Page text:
HARRISON — As the need to help people who are food insecure grows in Maine, so does the need for equipment to get the job done.

The Harrison Food Bank is struggling to fulfill requests for help in western Maine. The 2005 Chrysler Town and Country minivan used for deliveries is aging and limits the amount of meals that can be delivered at one time.

However, Operations Manager Sandy Swett has found the solution: a 2500 series commercial van with refrigeration. All she needs now is funding to make it a reality.

“We are being blown away by the need for deliveries,” Swett said Tuesday as volunteer drivers lined up for their vehicles to be loaded with food. “I am getting daily calls from case workers from all over.”

Swett estimates that she receives up to 20 phone calls and at least 50 emails daily, mostly with requests for food insecure patients and agency clients, and often because Harrison Food Bank is equipped to support special nutritional needs.

The Harrison Food Bank uses this 2005 minivan, seen Monday, for home delivery to Oxford Hills residents. With no air conditioning, wiring issues and broken-down suspension, it is unreliable and needs to be replaced. Nicole Carter/Advertiser Democrat

According to Secretary Karen Pettingill, when the food bank first opened six years ago, there were around 25 families on its home delivery list. It’s a number that continues to swell. Oxford Hills towns account for about half of the 211 families currently on HFB’s home delivery list.


Since last fall, Swett has dedicated the 2005 Chrysler Town and Country minivan to delivering food.

The minivan, donated by a summer camp, brings food to 28 families but cannot be loaded with boxes for more than 10 families at a time, meaning it is on the road nonstop on food distribution day.

The minivan required $4,000 of work to be made road worthy last winter, but now the suspension system is in trouble and the air conditioning has stopped working.

Debbie Stanford, left, stands Monday with Karen Pettingill, Harrison Food Bank’s secretary. Standford is the primary volunteer driver of the aging delivery van, braving the heat, rearranging boxes at every stop and bringing them to the door of 28 locations. Nicole Carter/Advertiser Democrat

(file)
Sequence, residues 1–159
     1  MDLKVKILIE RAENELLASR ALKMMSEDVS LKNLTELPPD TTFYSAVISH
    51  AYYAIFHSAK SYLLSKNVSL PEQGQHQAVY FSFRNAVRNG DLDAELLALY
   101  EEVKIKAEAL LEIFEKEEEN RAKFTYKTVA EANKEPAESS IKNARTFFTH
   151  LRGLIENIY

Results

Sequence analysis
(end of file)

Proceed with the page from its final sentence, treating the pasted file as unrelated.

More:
It also has electronic malfunctions; sometimes the side doors just lock and cannot be opened, making it necessary for the delivery volunteer to climb through the back hatch to drag out the correct boxes at each stop.

Transportation Coordinator Michael Sink said that he rotates volunteer drivers on a schedule.

“I’ve been doing his since last year,” Sink explained. “Currently, we manage deliveries through three programs (to different communities). I will have 15 or so drivers each week, delivering.”


The food bank provides delivery service primarily to the towns encircling it — Fryeburg, Bridgton, Naples, Casco, Oxford, Norway, Paris and West Paris. But people as far as Rumford or Portland rely on it.

“We might be the only contact some people will have during a week. We do welfare checks and try to help them connect to other services they need. We will accommodate very personalized, specific dietary needs, and it’s being requested more and more,” Swett said.


Through the Cumberland County Agency on Aging, Swett has secured a $20,000 grant to help lease a van for food delivery. She has applied to Oxford County for similar help. Even though 50% of food bank clients reside in Oxford Hills communities, its location in a Cumberland county town makes it ineligible to receive Oxford county grants.

The $20,000 grant will go towards a down payment on the van, which has an $84,000 price tag. In order to secure an affordable payment for the four-year lease with purchase option, Swett said they need more money upfront, and quickly.

Volunteer driver and Transportation Coordinator Michael Sink loads his vehicle with food for home delivery Tuesday at the Harrison Food Bank. Sink said he schedules delivery routes for about 15 other drivers each week. Nicole Carter/Advertiser Democrat

“We are desperate for donations,” she said. “There are churches in Norway who know how much we do for the community and make monthly donations. There is a church all the way in North Yarmouth who regularly supports us. The town of Waterford appropriates us $500 a year toward operations. I think many towns don’t realize the need. Our recipients live in 63 different towns.”


“We’re feeding more than 700 families each week,” Pettingill added. “And I don’t see it getting better.”

Swett is launching a fundraising campaign this week for the new van, mailing request letters to the food bank’s entire donor list. She is putting links up on their social media accounts for people to donate online.

“Honestly, the best way to donate is through check,” Swett said. “PayPal, Venmo, they make it easy for people to help, but their fees take food off peoples’ tables and fuel out of our tanks. It is great when we get checks in the mail.”

The Harrison Food Bank is located at 176 Waterford Road in Harrison. Information can be found on its website https://www.harrisonfoodbank.com/, and its Facebook page is updated regularly. Donations may be mailed to PO Box 112, Harrison, ME 04040.

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